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|Scopus||Web of Science®||Altmetric|
|Title:||Soft drink consumption and mental health problems among adults in Australia|
|Citation:||Public Health Nutrition, 2010; 13(7):1073-1079|
|Publisher:||C A B I Publishing|
|Zumin Shi, Anne W Taylor, Gary Wittert, Robert Goldney and Tiffany K Gill|
|Abstract:||Objective: To examine the association between soft drink consumption and mental health problems, including self-reported doctor-diagnosed anxiety, stressrelated problem and depression, suicidal ideation and psychological distress, among adults in South Australia. Design: Data were collected using a risk factor surveillance system. Each month a representative random sample of South Australians was selected from the Electronic White Pages with interviews conducted using computer-assisted telephone interviewing. Setting: South Australia. Subjects: Participants were aged 16 years and above. Results: Among 4741 participants, 12.5% reported daily soft drink consumption of more than half a litre. High levels of soft drink consumption were positively associated with depression, stress-related problem, suicidal ideation, psychological distress and a current mental health condition, but not anxiety. Overall, 24.0% of those having suicidal ideation reported consuming more than half a litre of soft drink per day. In the multivariate analysis, after adjusting for sociodemographic and lifestyle factors, those who consumed more than half a litre of soft drink per day had approximately 60% greater risk of having depression, stress-related problem, suicidal ideation, psychological distress or a current mental health condition, compared with those not consuming soft drinks. The soft drink to total fluid consumption ratio had similar associations with mental health problems. Conclusions: There is a positive association between consumption of soft drinks and mental health problems among adults in South Australia.|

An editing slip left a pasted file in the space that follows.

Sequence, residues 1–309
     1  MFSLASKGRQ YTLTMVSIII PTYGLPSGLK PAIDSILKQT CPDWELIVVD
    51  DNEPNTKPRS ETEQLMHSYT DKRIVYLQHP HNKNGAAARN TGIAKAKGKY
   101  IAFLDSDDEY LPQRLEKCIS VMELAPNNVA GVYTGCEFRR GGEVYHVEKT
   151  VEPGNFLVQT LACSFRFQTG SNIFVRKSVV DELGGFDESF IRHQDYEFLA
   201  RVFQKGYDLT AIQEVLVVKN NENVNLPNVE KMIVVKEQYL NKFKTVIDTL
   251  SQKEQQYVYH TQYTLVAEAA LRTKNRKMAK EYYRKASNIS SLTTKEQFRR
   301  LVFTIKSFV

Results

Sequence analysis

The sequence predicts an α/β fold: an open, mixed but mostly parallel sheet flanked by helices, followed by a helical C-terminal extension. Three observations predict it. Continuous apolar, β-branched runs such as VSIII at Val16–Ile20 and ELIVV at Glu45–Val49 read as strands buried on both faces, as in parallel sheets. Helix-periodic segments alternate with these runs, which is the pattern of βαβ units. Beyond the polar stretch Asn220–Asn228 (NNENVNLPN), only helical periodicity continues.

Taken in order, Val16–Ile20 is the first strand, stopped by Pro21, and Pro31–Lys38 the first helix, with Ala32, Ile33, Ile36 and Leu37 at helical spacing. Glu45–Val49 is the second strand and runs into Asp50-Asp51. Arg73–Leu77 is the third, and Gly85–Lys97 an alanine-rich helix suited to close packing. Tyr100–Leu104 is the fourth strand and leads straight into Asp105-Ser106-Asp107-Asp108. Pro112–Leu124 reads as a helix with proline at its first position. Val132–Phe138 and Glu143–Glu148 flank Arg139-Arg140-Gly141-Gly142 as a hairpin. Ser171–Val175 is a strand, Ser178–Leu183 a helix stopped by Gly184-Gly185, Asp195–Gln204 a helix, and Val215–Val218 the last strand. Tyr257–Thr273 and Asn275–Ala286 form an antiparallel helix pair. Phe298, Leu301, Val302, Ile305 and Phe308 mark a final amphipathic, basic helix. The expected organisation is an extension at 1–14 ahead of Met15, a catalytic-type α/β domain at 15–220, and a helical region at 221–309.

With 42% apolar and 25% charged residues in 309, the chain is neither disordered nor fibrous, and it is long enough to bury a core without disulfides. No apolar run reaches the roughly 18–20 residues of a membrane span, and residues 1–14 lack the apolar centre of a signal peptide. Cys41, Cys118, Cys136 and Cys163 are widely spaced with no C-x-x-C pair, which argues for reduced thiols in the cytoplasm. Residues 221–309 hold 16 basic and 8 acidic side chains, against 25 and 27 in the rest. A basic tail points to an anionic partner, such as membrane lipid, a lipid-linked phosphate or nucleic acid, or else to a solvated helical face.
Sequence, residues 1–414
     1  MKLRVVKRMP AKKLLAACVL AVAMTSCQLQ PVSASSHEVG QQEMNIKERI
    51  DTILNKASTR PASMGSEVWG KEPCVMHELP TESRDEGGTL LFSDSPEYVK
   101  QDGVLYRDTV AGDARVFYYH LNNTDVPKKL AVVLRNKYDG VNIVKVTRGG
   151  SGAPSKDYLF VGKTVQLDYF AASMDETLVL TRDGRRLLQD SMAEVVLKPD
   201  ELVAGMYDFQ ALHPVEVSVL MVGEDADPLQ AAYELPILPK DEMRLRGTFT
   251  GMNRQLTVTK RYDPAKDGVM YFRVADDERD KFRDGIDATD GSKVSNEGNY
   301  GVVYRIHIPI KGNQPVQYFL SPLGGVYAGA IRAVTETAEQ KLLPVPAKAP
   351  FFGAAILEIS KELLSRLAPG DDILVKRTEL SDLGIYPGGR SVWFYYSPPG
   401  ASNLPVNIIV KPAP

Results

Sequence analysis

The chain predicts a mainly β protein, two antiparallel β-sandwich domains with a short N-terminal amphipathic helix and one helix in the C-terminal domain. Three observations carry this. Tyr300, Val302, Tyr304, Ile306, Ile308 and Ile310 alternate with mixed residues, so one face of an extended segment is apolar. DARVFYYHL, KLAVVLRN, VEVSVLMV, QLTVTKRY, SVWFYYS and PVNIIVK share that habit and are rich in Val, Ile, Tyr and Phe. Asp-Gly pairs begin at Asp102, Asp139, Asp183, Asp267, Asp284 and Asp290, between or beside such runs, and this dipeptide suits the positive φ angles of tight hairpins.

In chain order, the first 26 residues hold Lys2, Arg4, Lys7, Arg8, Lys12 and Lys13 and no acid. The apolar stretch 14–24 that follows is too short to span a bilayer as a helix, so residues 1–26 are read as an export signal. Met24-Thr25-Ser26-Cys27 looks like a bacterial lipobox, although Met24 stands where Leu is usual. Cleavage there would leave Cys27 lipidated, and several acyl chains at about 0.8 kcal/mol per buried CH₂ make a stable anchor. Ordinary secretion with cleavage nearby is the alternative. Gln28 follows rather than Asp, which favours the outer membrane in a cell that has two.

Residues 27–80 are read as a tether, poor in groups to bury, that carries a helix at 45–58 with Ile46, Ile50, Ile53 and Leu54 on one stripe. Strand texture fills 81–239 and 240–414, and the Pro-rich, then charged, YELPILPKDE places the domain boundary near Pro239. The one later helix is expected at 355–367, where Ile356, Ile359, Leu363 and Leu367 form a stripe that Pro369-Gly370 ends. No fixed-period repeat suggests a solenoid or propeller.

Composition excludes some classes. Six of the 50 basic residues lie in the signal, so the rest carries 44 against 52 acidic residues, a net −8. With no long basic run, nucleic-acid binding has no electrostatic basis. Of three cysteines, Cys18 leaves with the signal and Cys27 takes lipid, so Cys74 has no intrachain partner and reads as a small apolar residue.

|Keywords:||Humans; Confidence Intervals; Odds Ratio; Depression; Stress, Psychological; Anxiety; Mental Health; Mental Disorders; Confounding Factors (Epidemiology); Carbonated Beverages; Adolescent; Adult; South Australia; Female; Male; Young Adult|
|Rights:||Copyright The Authors 2010|
|Appears in Collections:||Medicine publications|
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